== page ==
Elisha was a traveling prophet at a time when few cared to hear anything from God. He was befriended by an old couple in the village of Shunem, who graciously prepared him a place to stay whenever he was in their neighborhood. Wanting to repay their kindness, Elisha asked the women if there was something he could ask God to give her, but she maintained she had everything she needed. Elisha’s servant pointed out that she was old and childless. So Elisha tells the women that when he returned in about a year, she would be holding a new addition to the family.

The woman’s response is priceless. It is, in essence: “Don’t mess with me, man of God. Don’t give me some kind of false hope. I’m too old to deal with that.” But the story goes as we expect when God is involved, and sure enough, the old woman is blessed with a son.

Some time later in the story (I assume a few years went by), the story takes an unexpected turn. The kid dies. Just dies. No explanation.

The grief stricken woman hunts down Elisha, who knows something is wrong when he sees her coming. Her words to Elisha surely stung: “Did I ask you for a son? Didn’t I tell you not to give me false hope?

There is no recorded response from Elisha (no “Don’t you know that God loves you?”; or “All things work for good to those who love the Lord”; or even, “Smile, God’s in control”). He simply takes action, returning to the woman’s home and to the child’s dead body. After some anxious moments and a lot of prayer, God restores the child’s life. The woman is reunited with her beloved son.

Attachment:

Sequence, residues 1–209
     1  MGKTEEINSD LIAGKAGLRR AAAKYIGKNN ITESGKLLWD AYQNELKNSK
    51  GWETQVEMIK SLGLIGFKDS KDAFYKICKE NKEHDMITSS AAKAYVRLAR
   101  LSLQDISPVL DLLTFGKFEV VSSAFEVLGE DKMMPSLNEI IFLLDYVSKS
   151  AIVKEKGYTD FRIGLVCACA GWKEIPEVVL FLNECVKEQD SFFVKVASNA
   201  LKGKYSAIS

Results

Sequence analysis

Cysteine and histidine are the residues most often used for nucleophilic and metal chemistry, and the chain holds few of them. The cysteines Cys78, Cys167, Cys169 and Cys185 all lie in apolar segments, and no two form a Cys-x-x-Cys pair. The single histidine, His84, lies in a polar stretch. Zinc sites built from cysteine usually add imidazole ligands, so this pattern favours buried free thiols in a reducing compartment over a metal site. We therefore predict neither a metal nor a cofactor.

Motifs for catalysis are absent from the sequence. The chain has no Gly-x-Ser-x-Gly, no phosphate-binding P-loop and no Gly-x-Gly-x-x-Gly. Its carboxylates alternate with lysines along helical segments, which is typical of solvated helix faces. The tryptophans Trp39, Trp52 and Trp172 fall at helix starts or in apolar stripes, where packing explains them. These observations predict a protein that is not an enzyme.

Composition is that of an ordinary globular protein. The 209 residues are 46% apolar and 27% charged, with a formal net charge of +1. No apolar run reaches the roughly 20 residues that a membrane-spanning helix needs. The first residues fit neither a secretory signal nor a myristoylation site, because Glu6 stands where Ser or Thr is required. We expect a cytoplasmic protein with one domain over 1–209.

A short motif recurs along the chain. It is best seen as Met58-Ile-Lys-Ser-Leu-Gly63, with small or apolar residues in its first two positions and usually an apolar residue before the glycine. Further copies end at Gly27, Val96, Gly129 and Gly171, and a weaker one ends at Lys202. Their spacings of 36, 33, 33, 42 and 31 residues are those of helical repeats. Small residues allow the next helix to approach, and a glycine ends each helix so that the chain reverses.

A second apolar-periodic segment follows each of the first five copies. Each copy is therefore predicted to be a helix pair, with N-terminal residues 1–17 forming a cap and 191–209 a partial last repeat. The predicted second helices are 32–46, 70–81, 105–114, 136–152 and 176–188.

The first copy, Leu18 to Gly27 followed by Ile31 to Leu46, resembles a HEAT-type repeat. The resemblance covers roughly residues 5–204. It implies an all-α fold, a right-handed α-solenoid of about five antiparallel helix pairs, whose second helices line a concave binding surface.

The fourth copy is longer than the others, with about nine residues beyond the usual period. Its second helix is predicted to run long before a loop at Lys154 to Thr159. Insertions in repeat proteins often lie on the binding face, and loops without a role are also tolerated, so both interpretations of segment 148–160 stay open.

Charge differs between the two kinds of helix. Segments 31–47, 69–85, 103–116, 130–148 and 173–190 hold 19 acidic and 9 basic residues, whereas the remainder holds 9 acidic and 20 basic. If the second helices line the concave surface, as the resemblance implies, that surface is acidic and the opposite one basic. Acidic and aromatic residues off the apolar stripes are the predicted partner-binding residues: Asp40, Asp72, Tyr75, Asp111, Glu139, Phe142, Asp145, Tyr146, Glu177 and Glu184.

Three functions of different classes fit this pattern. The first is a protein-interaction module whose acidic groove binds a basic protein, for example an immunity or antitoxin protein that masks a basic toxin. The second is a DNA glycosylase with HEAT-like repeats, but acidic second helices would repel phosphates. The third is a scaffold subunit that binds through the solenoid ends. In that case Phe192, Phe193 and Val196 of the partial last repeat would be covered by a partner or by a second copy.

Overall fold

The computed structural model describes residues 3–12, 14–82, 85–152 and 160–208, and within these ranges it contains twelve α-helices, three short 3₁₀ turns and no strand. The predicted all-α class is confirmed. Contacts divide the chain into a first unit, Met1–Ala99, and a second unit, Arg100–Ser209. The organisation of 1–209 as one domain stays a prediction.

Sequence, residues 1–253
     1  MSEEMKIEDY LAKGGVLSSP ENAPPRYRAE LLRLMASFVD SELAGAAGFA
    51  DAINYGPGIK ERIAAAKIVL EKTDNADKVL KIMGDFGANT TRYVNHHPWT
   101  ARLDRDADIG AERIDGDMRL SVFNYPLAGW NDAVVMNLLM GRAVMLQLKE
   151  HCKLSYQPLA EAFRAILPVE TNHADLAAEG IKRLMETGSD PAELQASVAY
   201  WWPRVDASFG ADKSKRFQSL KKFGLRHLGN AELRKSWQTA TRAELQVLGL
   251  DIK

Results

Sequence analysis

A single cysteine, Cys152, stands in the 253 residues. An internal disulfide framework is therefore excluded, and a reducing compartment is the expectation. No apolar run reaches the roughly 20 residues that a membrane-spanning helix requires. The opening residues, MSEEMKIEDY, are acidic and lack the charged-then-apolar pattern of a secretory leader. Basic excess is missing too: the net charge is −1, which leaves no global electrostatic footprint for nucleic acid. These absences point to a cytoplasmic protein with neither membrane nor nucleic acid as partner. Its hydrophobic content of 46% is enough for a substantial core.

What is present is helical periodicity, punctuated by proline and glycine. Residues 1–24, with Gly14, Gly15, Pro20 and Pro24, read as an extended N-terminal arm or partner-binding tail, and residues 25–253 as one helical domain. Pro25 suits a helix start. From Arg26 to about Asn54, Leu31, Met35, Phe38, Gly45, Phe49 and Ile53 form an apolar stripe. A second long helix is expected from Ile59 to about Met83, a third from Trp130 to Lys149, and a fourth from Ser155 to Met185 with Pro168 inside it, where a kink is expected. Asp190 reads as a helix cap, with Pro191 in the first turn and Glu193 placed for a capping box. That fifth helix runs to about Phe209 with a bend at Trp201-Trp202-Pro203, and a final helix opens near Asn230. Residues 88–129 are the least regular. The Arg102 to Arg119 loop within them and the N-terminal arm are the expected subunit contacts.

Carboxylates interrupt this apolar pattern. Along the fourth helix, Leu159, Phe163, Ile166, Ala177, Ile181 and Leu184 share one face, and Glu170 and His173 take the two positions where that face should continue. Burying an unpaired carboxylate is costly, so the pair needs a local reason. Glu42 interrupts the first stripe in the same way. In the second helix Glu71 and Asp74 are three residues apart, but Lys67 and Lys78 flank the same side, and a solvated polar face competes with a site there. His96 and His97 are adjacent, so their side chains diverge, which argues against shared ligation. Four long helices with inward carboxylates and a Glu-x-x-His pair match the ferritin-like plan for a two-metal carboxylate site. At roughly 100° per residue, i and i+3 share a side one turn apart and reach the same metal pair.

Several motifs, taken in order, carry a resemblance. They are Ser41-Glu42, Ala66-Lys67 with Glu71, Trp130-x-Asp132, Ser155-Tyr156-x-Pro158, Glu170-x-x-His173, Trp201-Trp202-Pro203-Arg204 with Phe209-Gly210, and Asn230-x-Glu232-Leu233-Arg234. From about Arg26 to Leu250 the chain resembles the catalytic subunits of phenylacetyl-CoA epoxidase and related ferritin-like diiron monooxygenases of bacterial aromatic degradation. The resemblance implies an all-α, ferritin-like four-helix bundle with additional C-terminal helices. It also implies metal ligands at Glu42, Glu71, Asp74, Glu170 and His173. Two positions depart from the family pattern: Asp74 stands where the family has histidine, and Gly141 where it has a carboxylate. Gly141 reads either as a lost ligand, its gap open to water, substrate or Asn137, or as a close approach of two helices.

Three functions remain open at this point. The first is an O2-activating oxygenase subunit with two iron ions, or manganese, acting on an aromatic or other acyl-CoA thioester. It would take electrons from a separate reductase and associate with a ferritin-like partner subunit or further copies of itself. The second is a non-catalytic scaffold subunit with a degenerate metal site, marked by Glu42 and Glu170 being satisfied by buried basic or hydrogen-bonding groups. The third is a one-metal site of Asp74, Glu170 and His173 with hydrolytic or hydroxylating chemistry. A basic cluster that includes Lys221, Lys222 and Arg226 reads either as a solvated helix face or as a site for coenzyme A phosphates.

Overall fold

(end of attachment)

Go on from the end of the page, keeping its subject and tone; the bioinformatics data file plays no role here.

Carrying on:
I think I can relate to both the old woman and Elisha. I certainly understand not wanting to have “false hope.” And I believe that Elisha must have wondered “God, what are You doing?”, even though this isn’t stated. He simply kept believing in God’s plan and in His purpose. And he took action accordingly. And to me, that’s the important part–the taking action.

That’s the next chapter in the Girl’s story, too. I’ll look forward to giving you an update some time in the future.

New Home/Old Home, Part 2

The Girl began the next chapter of her story in January, when she and nine other girls from the orphanage moved into the newly established “Transition Home” in Tegucigalpa. I’m sure it was exciting (and a little overwhelming) for both the girls and the young staff couple who were their house parents. So much to learn that we take for granted here in the States: how to get around in a large, confusing city; how to get a job (when you’ve never had one that paid–and in a country where unemployment is sometimes above 40%); how to manage the money you earn (learning to budget when you’ve never had any money to spend). I know I would have been overwhelmed. I’m guessing you would too.

But most of the girls did quiet well negotiating these obstacles. We were in contact with the staff couple by email, and we were encouraged to learn that the Girl was able to find a job by February. We soon received our first telephone call from the Girl–she had used some of her wages to buy a prepaid cell phone. She gave us the number and said “Now you call me back, understand?” It seemed that her cell plan didn’t charge for incoming calls–so she had already learning something about budgeting. She was excited about her job, which was selling coffee on the streets. Now I don’t mean she had landed a job at Starbucks. I mean she was a walking coffee pot. She had a big tank of coffee on her back, similar to the herbicide sprayers we use to spray weeds here in the States. She walked the streets of Tegucigalpa nine to ten hours a day like this, selling coffee by the cup. It didn’t sound like a very good job to me. But she was excited to have it. And according to the staff couple, she was very successful at it. Her big smile and her friendliness to strangers made her a natural salesperson. We were excited for her, to say the least.

We called her again in early March. But something had changed again. She was moody–refusing to speak any in English. Pretty much refusing to talk at all. I did not “read” too much into the call–after all, I had seen her act this way before. I assumed she had just had a bad day. Her moods usually passed as quickly as a summer thunderstorm, so I thought I’d just call back in a few days.